Caveat: In crazy quilting I know certain types of fusibles – like Mistyfuse – are used quite a bit. And in certain types of appliqué, fusibles come in handy. But for surface embroidery projects that are meant to be more along the lines of “art” (framed and hung, finished into pillows, stitched on table linens, etc.), please give fusible interfacings a miss. At best, they’re a crutch, and only for embroidery that isn’t necessarily meant to survive the test of time.
Concerning wash-away stabilizers like Transfer-eze and Solvy’s printable fabri-solvy – these can be handy for projects like dish towels and the like. I use them for that and for teaching children to stitch. I wouldn’t use them for a project like this. But I’m not the Embroidery Police. I’m not going to tell you not to, if you’re determined to use them.
Still, I’m sending out massive waves of encouragement to you, topped with a good dose of persuasiveness and a large dash of pleading, to do the project without using these artificial interfacings and stabilizers. The more you practice embroidery, the better you will get at it (it’s a foregone conclusion, if you are diligent), and the less you’ll feel inclined to turn to stabilizers and the like in hopes of making your work look better.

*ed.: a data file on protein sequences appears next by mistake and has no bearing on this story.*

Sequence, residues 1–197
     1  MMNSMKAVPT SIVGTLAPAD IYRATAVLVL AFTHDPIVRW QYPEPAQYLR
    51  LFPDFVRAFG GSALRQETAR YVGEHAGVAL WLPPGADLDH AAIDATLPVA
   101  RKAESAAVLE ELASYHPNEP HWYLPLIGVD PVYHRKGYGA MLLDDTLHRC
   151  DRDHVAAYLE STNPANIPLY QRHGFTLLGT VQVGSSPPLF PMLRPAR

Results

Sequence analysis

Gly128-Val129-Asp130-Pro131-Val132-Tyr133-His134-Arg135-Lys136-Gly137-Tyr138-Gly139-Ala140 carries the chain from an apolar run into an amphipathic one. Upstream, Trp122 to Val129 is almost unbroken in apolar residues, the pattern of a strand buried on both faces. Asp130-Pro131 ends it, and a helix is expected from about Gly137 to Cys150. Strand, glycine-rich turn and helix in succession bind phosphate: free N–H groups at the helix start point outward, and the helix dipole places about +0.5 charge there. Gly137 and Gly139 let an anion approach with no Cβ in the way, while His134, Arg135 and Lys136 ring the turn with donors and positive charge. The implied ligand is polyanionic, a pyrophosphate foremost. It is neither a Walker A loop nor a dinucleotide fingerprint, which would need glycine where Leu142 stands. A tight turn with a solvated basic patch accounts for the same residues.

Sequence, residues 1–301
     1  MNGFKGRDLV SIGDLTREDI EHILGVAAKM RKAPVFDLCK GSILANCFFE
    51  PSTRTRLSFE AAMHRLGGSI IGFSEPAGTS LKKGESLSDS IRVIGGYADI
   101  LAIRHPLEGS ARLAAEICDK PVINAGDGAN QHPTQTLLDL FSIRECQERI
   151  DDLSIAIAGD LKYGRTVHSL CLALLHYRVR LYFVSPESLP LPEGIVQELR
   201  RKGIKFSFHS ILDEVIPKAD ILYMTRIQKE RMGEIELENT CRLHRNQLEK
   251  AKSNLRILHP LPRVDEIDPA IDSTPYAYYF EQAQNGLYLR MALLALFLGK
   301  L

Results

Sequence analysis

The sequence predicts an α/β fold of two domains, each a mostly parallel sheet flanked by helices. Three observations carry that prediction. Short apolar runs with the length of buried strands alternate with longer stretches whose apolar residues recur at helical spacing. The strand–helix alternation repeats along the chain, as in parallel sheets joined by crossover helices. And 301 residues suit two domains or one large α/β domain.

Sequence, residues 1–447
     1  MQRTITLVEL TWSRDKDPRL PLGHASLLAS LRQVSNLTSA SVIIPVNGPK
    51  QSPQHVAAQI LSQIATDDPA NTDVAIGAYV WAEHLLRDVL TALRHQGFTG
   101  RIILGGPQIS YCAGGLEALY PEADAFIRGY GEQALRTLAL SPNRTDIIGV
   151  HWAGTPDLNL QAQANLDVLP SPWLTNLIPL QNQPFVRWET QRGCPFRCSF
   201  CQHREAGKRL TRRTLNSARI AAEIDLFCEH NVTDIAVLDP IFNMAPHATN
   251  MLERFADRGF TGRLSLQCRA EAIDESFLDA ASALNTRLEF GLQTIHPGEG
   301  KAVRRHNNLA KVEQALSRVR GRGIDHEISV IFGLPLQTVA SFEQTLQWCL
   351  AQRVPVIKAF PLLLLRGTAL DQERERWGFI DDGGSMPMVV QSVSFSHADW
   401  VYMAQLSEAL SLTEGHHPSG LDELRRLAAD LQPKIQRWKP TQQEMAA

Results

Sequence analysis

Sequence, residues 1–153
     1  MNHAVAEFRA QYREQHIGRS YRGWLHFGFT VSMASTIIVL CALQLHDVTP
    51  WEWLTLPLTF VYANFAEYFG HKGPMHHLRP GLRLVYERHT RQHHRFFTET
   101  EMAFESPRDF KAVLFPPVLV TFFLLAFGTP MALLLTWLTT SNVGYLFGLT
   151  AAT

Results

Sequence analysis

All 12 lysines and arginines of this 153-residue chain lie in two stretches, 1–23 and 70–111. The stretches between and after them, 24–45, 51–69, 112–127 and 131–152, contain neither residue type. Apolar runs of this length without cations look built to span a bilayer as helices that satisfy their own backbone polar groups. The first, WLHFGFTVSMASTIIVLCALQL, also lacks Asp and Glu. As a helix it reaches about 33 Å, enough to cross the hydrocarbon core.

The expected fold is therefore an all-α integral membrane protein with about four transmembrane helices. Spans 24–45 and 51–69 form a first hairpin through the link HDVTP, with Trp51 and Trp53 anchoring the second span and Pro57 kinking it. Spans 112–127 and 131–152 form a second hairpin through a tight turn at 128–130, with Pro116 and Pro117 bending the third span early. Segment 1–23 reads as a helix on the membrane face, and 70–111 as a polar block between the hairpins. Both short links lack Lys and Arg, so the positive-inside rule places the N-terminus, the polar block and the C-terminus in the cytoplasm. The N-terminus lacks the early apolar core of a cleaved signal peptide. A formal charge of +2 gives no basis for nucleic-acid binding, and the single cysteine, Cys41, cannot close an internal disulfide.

Questions? Comments? Input? Troubles? Confusion? Beratings? I’m all ears! Feel free to leave a comment below!
If you’d like to follow along with the Secret Garden project or catch up on the backstory behind this project and see how it is developing, you’ll find all the articles relating to it arranged chronologically in the Secret Garden Hummingbirds index.